Third, Plaintiff claims that his co-workers at Sidetrack, particularly Trudell and Oakes, made threatening comments to Plaintiff because of his religious beliefs and his relationship with DuJan, a Christian conservative blogger. In November 2010, Oakes referred to DuJan as “that Christian conservative” and told Plaintiff that he needed to end his relationship with DuJan if he wanted to continue working at Sidetrack. According to Plaintiff, Oakes regularly made these types of comments regarding DuJan and Plaintiff’s relationship with him. Plaintiff alleges that Oakes asked Plaintiff if he was a “crazy Christian conservative” like DuJan. After Plaintiff answered that he is both a Christian and a Republican, Oakes threatened that if Plaintiff wanted to continue working at Sidetrack, he needed to stop telling people he is Christian and a Republican. Several other Sidetrack employees also made offensive comments to Plaintiff, degrading Christians as evil and enemies of the gay community, calling Plaintiff a “traitor” because of his Christian beliefs, and insulting Plaintiff’s boyfriend and parents because of their religion.

Plaintiff claims that Sidetrack customers who learned of Oakes’ bullying then began to mock Plaintiff in high voices. One customer told Plaintiff “We are watching you!” in a threatening tone. Another customer made comments to Plaintiff about a doorman at Sidetrack being stabbed, and several other unidentified customers threatened physical harm to Plaintiff. The Court discusses additional facts below where relevant to Plaintiff’s claims….

Viewing the evidence in the light most favorable to the Plaintiff and drawing all reasonable inferences in his favor, as the Court must at the summary judgment stage, a genuine issue exists regarding whether the harassment Plaintiff suffered had a religious character or purpose.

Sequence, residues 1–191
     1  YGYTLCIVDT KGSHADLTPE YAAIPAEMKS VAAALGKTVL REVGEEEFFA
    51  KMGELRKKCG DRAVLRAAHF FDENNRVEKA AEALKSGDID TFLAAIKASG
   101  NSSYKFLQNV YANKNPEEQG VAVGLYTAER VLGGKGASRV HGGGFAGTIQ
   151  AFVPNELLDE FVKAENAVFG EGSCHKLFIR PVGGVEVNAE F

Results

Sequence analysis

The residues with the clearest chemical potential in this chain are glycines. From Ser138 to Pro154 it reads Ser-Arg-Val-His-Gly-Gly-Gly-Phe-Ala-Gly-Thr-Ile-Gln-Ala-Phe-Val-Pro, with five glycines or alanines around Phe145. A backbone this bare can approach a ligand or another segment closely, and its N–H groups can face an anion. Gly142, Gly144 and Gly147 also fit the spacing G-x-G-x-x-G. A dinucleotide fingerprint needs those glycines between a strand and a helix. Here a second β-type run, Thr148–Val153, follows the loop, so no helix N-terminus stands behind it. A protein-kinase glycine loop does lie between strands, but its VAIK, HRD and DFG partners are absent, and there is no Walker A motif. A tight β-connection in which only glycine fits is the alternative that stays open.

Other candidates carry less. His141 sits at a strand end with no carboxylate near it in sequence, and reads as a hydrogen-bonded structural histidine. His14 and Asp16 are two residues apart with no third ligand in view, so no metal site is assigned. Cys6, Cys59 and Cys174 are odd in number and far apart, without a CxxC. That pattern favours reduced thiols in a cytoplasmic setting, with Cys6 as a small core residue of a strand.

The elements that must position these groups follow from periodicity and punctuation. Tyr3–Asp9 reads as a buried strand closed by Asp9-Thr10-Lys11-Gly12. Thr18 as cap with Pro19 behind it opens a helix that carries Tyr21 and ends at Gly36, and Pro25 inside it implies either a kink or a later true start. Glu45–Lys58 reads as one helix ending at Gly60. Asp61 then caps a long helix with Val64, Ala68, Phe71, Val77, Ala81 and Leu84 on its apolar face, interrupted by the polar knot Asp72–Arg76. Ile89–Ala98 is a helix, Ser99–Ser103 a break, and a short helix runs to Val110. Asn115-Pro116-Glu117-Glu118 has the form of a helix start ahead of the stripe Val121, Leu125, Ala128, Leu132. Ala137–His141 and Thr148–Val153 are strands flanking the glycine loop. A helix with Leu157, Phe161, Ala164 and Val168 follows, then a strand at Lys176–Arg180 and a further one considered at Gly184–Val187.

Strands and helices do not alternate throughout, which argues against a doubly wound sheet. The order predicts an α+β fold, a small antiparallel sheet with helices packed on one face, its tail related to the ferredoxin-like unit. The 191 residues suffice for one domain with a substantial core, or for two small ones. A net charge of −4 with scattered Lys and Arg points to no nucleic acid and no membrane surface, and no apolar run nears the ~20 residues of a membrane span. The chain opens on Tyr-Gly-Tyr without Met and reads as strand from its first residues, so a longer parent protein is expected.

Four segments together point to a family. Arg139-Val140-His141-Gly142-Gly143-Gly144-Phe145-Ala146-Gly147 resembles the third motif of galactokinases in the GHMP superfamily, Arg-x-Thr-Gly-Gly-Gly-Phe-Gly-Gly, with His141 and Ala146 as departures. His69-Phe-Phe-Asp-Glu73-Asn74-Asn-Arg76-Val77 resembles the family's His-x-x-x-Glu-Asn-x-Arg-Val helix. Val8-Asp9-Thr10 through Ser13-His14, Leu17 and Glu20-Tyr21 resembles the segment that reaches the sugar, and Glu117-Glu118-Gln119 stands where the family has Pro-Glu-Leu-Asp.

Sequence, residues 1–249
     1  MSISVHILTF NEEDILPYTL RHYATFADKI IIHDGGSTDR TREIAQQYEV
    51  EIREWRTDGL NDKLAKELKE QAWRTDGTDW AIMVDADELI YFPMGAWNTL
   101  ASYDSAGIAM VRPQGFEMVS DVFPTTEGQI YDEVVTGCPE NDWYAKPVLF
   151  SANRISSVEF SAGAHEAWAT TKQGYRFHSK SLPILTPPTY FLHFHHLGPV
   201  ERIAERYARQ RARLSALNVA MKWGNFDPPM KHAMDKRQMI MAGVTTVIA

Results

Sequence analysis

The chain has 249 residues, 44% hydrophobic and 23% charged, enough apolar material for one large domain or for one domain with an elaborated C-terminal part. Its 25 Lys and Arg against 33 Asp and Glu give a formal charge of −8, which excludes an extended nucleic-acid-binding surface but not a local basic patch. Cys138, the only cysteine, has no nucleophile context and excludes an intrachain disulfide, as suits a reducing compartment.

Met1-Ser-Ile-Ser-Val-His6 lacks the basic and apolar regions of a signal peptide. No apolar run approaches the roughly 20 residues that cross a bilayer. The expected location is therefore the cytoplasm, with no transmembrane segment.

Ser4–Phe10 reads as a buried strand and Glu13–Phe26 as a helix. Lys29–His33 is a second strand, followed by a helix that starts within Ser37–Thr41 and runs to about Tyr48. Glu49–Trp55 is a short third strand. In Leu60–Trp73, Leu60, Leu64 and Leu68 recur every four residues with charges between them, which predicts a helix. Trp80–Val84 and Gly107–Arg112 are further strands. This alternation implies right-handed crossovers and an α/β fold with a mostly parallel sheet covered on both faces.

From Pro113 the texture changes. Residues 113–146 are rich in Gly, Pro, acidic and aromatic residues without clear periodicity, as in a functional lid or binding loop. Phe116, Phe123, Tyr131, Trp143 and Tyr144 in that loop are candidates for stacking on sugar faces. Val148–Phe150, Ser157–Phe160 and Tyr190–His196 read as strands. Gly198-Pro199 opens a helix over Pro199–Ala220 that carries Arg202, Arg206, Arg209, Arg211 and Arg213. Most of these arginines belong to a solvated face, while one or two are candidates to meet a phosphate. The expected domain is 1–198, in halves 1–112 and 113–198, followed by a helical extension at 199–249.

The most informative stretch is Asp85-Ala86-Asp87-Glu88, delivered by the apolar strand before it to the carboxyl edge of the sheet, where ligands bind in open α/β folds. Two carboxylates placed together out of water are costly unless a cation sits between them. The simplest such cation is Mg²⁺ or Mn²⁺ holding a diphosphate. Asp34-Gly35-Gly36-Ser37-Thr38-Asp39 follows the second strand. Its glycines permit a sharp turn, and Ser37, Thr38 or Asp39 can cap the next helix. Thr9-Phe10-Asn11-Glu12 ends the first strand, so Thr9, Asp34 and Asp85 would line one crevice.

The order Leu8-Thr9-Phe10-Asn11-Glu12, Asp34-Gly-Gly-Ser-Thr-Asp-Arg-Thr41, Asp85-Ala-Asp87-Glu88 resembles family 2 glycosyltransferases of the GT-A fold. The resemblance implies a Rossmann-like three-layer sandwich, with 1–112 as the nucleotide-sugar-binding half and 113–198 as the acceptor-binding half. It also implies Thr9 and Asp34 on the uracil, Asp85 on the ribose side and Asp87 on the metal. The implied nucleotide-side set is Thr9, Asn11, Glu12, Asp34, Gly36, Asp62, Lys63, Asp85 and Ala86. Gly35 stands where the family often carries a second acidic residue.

On one hand, many of the statements at issue appear to have had a political animus, rather than a religious one. Oakes and Trudell, for example, largely directed their attacks against “Christian conservatives,” rather than simply Christians. Christian conservatives are well-known for their support of socially conservative policies, including their opposition to same-sex marriage, and Sidetrack and its owners have been at the forefront of Chicago’s LGBT civil rights movement for 35 years. In this context, therefore, Oakes’ and Trudell’s derogatory comments about Christian conservatives likely concerned Plaintiff’s and DuJan’s political ideology rather than their religious beliefs.

On the other hand, though, some of the derogatory comments at issue, viewed in the light most favorable to Plaintiff, suggest that the attacks had both a political and religious character or purpose. Plaintiff claims, for example, that Sidetrack employees called him a “traitor” for being Christian because “Christians hate gays”; told him that Christians, including his parents, were “awful people”; stated that Christians are “evil”; threatened that if he wanted to keep working at Sidetrack, he needed to stop telling people he is “a Christian or a conservative or a Republican, or any of that, because you can’t work [at Sidetrack] and be that”; told him that maybe he would not drop glasses at the bar if he prayed hard enough; and referred to Christians as crazy. Additionally, Plaintiff claims when he told Pena that he is a Christian and goes to “non-gay churches,” Pena responded “Oh Joe, oh Joe,” shaking his head in a disapproving manner.